||Really Not Magic
by Fraser Sutherland
ALTHOUGH MUCH HAS been made of Jack Hodgins`s "magic realism," there is nothing here that would outrage the conventions of the mainstream historical novel. The times and places (the 1880s, Victoria -- with detours to California and Australia) are carefully researched and vividly evoked. A throng of characters jostles eventfully. The plot twists and turns nicely.
The story begins with the encounter of a widower and a widow in a graveyard. A builder named Logan Sumner is contemplating yet another addition to the serial epitaph he is composing for his own
tombstone, when into this Eden unexpectedly steps an enigmatic Eve. Kate Jordan nee McConnell has come to claim Sumner`s friend and prospective father-in-law, James Horncastle, proprietor of the Great Blue Heron Hotel. Horncastle, an affable if pugilistic gambler, is a bigamist. Kate, in asserting marital claims, will prove to be his implacable pursuer. Both have a disconcertingly large circle of friends and family.
The heart of the Great Blue Heron Hotel is Horncastle`s office, the same log cabin he`d purchased for a saloon soon after moving to the Colony from San Francisco with his wife in 1860, one of the squared-log fish warehouses built by French-Canadian carpenters in the Hudson`s Bay fortress that had been dismantled just before the Horncastles arrived.
In the course of expansion, Horncastle has renovated his past just as Sumner is rewriting his own history. In fact, most of the city`s residents -- and `its many new comers -- are likewise engaged in impos ing civilization on nature, erecting false fronts and Potemkin villages, as if to impress such vice-regal visitors as the Marquess of Lorne and Princess Louise.
But much comes to wreckage, like the stencilled fragments of boxes washed ashore: "FLOUR, DEZZASSEIS, SIDE UP, WALKING." One character the half-Nootka, half-Scottish Zak even lives in a shack fabricated of such wordy debris.
This elaborate process of claiming and naming, of writing the present and rewriting the past, is the most interesting` element in this thoughtful novel. As: Kate says, recalling her early days in Australia:
It is the fault of that old lunatic Adam who started it all, I think, and all his lunatic offspring males who became explorers and geographers and dictionary-makers -- all of them wanting, I`m sure of it, to nail everything down into some sort of rigid identity in order to perpetrate some awful fiction upon us. That whole ancient worn-down flattened-out continent wished to strangle the breath out of me with the arms of its endless forest of names!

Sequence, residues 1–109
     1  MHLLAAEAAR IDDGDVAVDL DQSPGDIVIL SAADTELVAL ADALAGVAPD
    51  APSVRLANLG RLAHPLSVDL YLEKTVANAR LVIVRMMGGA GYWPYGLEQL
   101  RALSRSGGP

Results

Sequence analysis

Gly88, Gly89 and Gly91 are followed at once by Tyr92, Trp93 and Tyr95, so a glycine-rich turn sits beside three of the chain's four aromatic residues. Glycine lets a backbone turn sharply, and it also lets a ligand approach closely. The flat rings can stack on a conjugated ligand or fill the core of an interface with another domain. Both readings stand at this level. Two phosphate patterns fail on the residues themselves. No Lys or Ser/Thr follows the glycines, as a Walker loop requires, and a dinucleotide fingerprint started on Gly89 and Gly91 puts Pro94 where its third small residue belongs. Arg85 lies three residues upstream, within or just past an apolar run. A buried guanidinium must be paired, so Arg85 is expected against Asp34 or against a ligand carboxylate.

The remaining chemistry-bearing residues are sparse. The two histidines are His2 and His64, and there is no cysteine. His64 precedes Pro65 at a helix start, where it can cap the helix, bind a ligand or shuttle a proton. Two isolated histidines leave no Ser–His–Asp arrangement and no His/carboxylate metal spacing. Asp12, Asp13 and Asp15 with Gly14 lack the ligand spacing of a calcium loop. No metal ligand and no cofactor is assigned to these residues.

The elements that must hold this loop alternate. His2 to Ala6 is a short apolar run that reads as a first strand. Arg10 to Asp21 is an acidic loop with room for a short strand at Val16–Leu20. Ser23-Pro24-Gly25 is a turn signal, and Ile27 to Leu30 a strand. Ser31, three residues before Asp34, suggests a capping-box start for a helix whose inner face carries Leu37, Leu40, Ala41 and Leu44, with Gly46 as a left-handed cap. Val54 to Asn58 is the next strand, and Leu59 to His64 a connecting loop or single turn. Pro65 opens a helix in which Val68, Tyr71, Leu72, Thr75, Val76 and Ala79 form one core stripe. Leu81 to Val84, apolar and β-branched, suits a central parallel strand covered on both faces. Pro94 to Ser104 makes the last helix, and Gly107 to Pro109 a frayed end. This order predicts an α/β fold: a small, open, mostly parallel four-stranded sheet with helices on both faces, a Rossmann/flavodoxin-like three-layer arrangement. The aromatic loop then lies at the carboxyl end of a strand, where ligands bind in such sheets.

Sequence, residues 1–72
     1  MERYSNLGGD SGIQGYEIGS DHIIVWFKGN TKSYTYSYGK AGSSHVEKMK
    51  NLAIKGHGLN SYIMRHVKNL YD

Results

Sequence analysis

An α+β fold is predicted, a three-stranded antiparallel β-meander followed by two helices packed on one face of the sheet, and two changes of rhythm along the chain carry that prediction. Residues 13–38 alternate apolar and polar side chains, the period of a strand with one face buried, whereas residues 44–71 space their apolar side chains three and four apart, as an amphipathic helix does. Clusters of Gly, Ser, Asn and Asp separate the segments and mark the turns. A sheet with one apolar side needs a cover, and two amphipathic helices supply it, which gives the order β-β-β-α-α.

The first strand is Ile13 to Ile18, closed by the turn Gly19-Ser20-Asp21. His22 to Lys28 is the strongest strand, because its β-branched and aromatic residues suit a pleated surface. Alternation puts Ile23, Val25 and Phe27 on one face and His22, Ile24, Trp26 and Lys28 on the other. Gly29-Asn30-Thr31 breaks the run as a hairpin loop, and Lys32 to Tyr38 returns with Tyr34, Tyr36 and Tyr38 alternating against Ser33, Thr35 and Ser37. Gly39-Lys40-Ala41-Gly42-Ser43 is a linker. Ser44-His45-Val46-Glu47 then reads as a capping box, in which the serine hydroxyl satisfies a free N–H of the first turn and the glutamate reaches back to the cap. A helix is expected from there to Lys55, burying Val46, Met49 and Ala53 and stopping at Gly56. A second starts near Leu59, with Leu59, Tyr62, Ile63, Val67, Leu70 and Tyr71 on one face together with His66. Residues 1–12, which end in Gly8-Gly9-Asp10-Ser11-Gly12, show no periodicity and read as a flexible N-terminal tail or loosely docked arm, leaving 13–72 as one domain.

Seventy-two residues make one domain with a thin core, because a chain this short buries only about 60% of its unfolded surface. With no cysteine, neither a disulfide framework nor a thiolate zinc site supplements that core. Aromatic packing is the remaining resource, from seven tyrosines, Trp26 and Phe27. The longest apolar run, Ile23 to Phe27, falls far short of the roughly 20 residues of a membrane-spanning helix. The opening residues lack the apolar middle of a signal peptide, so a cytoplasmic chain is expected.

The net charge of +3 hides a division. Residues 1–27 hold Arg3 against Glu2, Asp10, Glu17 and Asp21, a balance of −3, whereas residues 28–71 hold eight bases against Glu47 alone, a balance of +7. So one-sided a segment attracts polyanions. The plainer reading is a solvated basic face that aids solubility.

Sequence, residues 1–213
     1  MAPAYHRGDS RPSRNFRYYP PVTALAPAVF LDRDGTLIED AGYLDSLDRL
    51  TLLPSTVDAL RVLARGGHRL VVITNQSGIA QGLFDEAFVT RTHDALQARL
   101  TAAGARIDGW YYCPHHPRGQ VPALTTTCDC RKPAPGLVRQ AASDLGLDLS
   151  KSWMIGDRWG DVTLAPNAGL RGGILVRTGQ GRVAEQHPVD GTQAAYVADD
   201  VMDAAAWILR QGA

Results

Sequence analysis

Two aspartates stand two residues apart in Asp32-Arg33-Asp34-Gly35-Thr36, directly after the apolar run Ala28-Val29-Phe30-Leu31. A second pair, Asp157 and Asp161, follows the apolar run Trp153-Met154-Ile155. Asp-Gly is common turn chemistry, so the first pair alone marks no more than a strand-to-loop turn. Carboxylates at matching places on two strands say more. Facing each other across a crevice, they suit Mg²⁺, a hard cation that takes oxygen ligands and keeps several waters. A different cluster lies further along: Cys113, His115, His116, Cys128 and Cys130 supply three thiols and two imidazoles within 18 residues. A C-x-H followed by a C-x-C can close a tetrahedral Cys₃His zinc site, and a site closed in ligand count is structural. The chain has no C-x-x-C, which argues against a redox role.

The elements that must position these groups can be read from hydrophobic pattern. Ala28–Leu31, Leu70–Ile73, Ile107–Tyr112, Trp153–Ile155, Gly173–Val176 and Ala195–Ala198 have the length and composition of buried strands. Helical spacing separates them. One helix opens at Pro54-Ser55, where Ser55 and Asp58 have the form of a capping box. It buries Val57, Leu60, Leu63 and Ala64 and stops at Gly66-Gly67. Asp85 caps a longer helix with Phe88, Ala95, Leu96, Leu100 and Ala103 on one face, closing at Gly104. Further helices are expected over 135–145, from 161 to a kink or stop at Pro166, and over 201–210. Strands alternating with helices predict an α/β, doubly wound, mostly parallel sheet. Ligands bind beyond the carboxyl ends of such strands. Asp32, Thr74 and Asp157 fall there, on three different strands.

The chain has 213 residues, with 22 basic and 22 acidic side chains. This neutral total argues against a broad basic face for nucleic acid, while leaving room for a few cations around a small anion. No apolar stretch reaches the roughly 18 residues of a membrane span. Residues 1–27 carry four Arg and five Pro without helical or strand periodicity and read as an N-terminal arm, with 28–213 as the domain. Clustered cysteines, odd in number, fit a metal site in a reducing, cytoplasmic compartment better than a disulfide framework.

Sumner, inseparable from his yardstick, measures everything at hand. Yet he also aspires to escape the boundaries imposed by himself or others. Such aspirations are
connoted by the sheer amount of time Hodgins`s creatures -- human, winged, and four-legged -- spend balanced in the branches of trees or temporarily airborne in ill-conceived flying machines.
As well, the novel extrapolates the observation of William Law, the 18th-century mystic:
Oh, how sweet is this contemplation of the height and depth of the riches of divine Love! With what attraction must it draw every thoughtful man to return love for love to this overflowing fountain of boundless goodness.
The implications of unreturned love obsess the figures in the tapestry.
But there are too many figures in the tapestry, too many angles of vision. Which may be why this complex, intelligent, and artfully constructed novel is so tedious. Notwithstanding Hodgins`s graceful style, a boatload of fully delineated secondary characters clutters the scene, too much dialogue advances too much narrative, and the complicated clash of the McConnell and Horncastle families becomes a tiresomely ramified melodrama: a welter of courtships, engagements, likings, rivalries, estrangements, and separations. The theme of mysterious, cloudy, or concealed pasts is interesting, but the people who embody it are not.
Kate, at first a marvelously realized femme fatale, becomes a dull harridan, and her three McConnell sisters, although intensively depicted, never quite come to life. Norah, the first -- or, rather, the second -- Mrs. Horncastle and her family do not warrant the space expended on them. As for Horncastle, the adventurous hotelier, he grows dimmer and dimmer as the pages pass.
In contrast to these denizens, the bemused, confused carpenter-turned-architect Logan Sumner -- he of the grandiose tombstone and experimental flights -- best epitomizes Hodgins`s preoccupations. Caught in Kate`s web, Sumner blunders between duty and passion, fact and fantasia, action and stasis, death and life. Unfortunately, the author is not content with this focal figure and throws his novel off-centre by devoting so much space to dispersing the Horncastles and retrieving the McConnells. The result is too much realism, and not enough magic.